21.2 C
New York
June 15, 2024
Worship Media

Dispatches from the Front Lines of the Streaming Wars

They’re spending billions of dollars to fund hundreds of new movies and TV shows to compete with established players Netflix, Amazon and Hulu in what’s become known as the Streaming Wars.
—The Washington Post.

Dearest Emily,

My wonderful, beautiful girl, whom I am dating casually—I write to you with awful news. Just as we feared, the Streaming Wars are upon us, and they are as horrific as their name suggests. Now that Disney+ and Apple TV+ have dropped their programming bombs upon our homes, we are officially engaged in the most gruesome conflict our generation has ever seen. We’ve all been conscripted as soldiers in this fight—men, women, and children alike, forced to stand up for the content we believe in or risk its brutal demise. You remember what it was like when they rebooted “Murphy Brown” only to swiftly cancel it? The stakes could not be higher.

Already we have given so much of our lives to these services, and yet they only ask more of our bodies, our souls, our minds, and, of course, our money. Eight dollars here, five dollars there, twelve dollars over there. The financial and emotional toll is unspeakable.

Emily, please send word on how you and yours are faring as soon as you can. I am afraid that, as you belong to a Hulu, Disney+, HBO Max, and Crackle family, and I hail from a Netflix, Apple TV+, Amazon Prime, and CBS All Access clan, we may find ourselves across enemy lines—and I probably can’t make it to that work thing you have on the 27th.


My sweet Emily,

As the harsh reality of war continues to make itself known, I can’t help but wonder if those spearheading these content attacks from their offices in Los Angeles understand the implications of their actions on our daily lives. Each week, it’s another reboot. Prequels, sequels, and spinoffs as far as the eye can see. It’s chaos.

In times like these, we should be more united than ever, but instead these attacks drive us apart, forging an impossible divide between us. People ask me how I can call someone who does not watch, who could not watch, “The Good Fight” my bae? (Seriously, though, it’s really good, Emily, and I wish you’d give it a chance.) My bosses say, “Hey, can you stop watching TV while you work? Or we’re going to have to fire you soon.” Like I can focus on work when there is a war going on!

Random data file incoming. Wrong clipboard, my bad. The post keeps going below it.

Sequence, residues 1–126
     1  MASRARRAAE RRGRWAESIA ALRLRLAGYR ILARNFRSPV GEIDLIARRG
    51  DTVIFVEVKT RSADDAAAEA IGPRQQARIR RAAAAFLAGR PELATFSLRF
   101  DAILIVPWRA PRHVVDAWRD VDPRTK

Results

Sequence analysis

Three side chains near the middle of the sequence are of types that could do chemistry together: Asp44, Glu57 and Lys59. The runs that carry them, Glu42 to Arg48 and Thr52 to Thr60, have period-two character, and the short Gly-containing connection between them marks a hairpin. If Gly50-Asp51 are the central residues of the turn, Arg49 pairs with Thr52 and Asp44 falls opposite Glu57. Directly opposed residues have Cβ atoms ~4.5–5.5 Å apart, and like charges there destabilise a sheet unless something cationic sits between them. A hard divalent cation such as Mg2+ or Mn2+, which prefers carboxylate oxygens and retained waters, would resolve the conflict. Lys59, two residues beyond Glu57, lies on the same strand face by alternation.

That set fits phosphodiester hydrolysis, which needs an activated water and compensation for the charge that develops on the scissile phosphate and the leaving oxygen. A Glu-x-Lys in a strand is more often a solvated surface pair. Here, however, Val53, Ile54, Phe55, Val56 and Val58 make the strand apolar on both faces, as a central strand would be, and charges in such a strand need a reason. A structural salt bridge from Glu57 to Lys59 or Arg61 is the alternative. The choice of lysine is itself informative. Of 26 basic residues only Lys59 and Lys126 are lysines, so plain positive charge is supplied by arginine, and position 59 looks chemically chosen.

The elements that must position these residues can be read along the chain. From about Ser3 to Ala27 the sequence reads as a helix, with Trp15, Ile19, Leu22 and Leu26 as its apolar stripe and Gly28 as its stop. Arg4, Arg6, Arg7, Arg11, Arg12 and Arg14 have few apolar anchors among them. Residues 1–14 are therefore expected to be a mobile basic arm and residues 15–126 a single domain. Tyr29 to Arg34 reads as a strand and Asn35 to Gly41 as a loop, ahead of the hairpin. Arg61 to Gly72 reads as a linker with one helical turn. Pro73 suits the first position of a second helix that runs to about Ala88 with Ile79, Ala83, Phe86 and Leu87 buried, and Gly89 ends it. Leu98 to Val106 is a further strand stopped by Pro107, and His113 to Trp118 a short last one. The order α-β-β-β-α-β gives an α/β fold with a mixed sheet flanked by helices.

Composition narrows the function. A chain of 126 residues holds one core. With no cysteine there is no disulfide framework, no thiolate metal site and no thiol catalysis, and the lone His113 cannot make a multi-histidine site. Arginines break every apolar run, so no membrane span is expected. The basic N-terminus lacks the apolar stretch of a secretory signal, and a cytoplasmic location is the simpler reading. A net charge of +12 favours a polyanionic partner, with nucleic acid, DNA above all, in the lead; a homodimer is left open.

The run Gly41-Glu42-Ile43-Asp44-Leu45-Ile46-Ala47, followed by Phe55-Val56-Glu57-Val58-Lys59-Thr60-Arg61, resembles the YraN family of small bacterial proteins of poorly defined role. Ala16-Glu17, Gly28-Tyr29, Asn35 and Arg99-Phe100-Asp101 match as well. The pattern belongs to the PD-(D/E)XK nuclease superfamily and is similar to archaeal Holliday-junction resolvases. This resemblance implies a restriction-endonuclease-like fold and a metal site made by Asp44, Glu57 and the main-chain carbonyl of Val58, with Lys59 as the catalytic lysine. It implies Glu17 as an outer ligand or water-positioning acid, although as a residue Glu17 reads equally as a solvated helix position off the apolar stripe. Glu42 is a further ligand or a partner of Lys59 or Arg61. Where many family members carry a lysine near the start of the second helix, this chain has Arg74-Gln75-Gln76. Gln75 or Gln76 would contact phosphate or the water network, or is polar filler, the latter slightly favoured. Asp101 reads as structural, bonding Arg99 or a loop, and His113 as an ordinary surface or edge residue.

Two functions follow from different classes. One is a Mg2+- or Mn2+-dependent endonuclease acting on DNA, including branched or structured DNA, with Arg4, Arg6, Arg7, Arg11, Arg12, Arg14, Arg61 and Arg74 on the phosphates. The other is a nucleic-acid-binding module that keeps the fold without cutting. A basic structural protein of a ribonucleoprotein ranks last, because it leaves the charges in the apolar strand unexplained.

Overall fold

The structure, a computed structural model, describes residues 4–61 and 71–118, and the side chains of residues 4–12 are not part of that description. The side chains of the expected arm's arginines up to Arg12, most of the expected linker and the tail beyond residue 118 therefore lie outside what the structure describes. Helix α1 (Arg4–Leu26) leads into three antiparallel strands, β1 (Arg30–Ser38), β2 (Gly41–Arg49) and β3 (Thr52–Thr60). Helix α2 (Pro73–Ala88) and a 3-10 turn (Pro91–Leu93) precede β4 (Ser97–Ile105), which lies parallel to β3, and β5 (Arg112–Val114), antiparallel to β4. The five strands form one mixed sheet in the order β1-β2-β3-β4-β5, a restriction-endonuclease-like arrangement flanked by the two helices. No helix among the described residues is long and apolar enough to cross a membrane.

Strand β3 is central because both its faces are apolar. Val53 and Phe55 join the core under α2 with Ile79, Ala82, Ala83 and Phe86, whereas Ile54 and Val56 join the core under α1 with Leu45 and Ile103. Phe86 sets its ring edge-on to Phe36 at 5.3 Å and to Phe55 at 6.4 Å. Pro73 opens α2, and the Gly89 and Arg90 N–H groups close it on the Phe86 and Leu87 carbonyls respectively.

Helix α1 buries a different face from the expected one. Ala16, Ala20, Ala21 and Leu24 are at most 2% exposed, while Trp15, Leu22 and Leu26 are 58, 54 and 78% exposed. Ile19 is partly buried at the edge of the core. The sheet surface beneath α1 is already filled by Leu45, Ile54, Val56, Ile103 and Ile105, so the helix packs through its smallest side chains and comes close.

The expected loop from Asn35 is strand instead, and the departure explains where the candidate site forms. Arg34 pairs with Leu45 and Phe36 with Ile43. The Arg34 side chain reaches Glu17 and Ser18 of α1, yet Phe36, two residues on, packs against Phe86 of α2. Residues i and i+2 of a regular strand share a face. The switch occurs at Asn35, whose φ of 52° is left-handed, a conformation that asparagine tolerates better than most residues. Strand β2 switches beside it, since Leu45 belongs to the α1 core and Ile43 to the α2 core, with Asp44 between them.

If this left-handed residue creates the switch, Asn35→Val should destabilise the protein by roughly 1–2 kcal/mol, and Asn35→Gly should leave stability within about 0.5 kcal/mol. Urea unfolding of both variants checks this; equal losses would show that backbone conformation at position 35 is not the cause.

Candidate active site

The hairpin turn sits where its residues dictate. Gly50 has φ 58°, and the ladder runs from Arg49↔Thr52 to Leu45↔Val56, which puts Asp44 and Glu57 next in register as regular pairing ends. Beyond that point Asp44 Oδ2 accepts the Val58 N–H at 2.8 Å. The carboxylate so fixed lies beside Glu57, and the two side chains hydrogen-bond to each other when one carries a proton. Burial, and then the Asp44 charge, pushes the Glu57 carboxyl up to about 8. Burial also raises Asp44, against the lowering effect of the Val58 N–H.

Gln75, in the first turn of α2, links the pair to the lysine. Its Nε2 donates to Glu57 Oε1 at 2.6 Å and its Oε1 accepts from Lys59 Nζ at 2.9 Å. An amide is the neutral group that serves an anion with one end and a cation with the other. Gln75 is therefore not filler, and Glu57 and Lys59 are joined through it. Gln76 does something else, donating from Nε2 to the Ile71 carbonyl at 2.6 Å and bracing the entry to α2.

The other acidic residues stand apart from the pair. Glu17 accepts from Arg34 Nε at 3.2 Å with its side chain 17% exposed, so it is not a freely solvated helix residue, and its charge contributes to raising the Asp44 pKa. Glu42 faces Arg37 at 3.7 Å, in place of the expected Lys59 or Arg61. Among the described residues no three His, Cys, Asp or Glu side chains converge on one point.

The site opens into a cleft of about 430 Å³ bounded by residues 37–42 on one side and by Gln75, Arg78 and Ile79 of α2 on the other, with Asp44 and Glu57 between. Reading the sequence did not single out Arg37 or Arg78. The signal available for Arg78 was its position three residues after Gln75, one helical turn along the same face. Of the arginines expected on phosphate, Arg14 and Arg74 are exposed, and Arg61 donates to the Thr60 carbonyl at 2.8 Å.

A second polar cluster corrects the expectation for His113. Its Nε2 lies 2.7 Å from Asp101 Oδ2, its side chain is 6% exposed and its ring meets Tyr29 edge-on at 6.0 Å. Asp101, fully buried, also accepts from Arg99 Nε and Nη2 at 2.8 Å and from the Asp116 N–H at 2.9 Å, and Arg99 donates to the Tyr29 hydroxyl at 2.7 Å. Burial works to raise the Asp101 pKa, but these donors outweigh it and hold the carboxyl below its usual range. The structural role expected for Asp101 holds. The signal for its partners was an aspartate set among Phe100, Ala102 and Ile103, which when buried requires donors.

How I long to Netflix and chill with you, Emily. Like in the old days, before the Streaming Wars, when there were only a couple of services and hundreds of cable channels and thousands of hours of YouTube videos to peruse. But perhaps it is naïve of me to romanticize simpler times in this way.



What the fuck is Peacock?


Darling Emily,

As I type this to you, my eyes burn, my fingers cramp. Day in and day out, I remain glued to my screen, trying to consume all the content that is being delivered to me, but it is just not physically possible. My contact lenses have been seared into my eyes from lack of removal. However, I know I am lucky. I can only imagine the gruesome injuries that others have sustained from their hours of bingeing.

Among my kin, the Streaming Wars have been hardest on my brother. Overwhelmed by choices, he has sworn off television altogether, choosing to neglect his patriotic duty. He’s going to read books, he says. Like books are anything but TV shows that haven’t been optioned by Reese Witherspoon yet!

He’ll forever be pitied, viewed as a scourge upon society. No one will have a way to find common ground with him, because he hasn’t seen “Tiger King” or “The Mandalorian.” He doesn’t even know what a Quibi is. How will future generations judge us if we sit on the sidelines, allowing the golden age of television to go unwatched?

Which brings me to the question: Have you been receiving my messages? You emphasized my last text, which I appreciate, but that does not quite count as a reply.

All best,

Faithful Emily,

At long last, the Streaming Wars have come to an end! Amazon has merged with Netflix (which had already merged with HBO and Apple), and all were acquired by Disney. Finally, there is one centralized place to watch everything, owned by one corporation that will only grow richer with each passing day—the way things should be.

But, my sweetheart, I fear you may have fallen victim to the Streaming Wars. Or perhaps you’ve been a little busy since Viacom eliminated your role in their merger with CBS? In any event, if you are still receiving these missives and a celebratory mood strikes you, please, send nudes.


The very day that the Streaming Wars came to an end, Caleb died from dehydration. However, his story will soon be forever immortalized in a Crackle limited series, executive-produced by Reese Witherspoon.

Click Here to Visit Orignal Source of Article https://www.newyorker.com/humor/daily-shouts/dispatches-from-the-front-lines-of-the-streaming-wars

Related posts

Biden’s Eightfold Path to Citizenship

The New Yorker

Donald Trump’s State of the Union Surprise

The New Yorker

What in Hamnation

The New Yorker

This website uses cookies to improve your experience. We'll assume you're ok with this, but you can opt-out if you wish. Accept Read More

Privacy & Cookies Policy